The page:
Ontario universities launch professional development website for grad students

7 Ontario universities have collaborated to create a professional development website for graduate students. McMaster University, Queen’s University, the University of Guelph, the University of Ottawa, the University of Toronto, the University of Waterloo, and Western University have launched, which offers free, online training tools to help graduate students looking to build their skills for academic and non-academic careers. “Graduate students have a very different experience at university than undergrads. … Grad students find it challenging to allocate time to consider what’s next, and so universities are offering them this extraordinary free professional development program to take online—in their own time and at their own pace,” said Bonnie M Patterson, President of the Council of Ontario Universities. The website was developed by the Ontario Consortium for Graduate Professional Skills and offers 18 training units on topics ranging from community-engaged scholarship to entrepreneurship. COU News Release | Queen’s News Release

Canadian universities increasingly relying on part-time faculty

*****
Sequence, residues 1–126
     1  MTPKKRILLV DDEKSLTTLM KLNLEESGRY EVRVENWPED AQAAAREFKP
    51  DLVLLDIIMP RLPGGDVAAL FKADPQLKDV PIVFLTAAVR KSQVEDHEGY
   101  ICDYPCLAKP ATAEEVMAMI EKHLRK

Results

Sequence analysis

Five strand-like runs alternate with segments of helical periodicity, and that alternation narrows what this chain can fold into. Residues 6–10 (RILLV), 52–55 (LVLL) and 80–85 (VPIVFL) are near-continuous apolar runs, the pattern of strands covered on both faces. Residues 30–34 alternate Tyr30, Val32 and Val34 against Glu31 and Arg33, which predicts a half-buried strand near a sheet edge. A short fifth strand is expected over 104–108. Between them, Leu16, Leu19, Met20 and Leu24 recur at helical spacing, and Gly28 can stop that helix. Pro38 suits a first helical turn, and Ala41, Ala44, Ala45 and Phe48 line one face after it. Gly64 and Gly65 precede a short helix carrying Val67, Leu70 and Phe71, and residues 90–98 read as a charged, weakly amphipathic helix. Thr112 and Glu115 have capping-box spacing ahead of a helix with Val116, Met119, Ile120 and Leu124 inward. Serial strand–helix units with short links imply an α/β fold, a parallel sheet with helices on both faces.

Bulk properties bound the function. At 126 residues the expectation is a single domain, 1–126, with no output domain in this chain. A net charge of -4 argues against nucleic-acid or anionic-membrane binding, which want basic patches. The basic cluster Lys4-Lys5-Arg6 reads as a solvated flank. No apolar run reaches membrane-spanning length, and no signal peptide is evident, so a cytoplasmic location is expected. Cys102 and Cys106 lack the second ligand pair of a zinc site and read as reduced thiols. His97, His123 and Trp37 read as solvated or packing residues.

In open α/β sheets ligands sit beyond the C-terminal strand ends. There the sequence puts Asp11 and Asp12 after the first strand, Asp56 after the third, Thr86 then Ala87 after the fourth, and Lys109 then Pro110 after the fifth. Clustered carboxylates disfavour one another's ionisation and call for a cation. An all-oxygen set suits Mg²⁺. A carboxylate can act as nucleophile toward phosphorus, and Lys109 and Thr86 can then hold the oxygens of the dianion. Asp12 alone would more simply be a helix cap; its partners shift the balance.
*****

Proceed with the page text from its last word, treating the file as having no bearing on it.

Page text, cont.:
The CBC has published a report on the increasing use of part-time faculty at Canadian universities. According to the report, universities are not hiring tenure-track faculty at a rate that is consistent with increasing enrolment, and are making up the difference by increasing class sizes and hiring sessional instructors. At some institutions, part-time faculty members earn just $28,000 for teaching 4 courses. The article notes that Wilfrid Laurier University, for instance, spent less than 4% of its 2012 budget on part-time faculty, who taught 52% of the university's courses that year. "I think there are legitimate concerns about having such a large part-time workforce, but it’s an unfortunate consequence of underfunding the university,” said Laurier’s VP Teaching Pat Rogers. Herbert Pimlott, a professor at Laurier, says that the contractual status of faculty can have an impact of the quality of students’ education, simply because full-time faculty are able to spend more time on campus and are more likely to have their own office space for meetings. Some schools are making changes: the report notes that McMaster University and the University of Waterloo have created full-time, teaching-only positions to reduce their reliance on sessional instructors, while some faculty unions have been able to negotiate better wages, benefits, and job security for part-time faculty. CBC News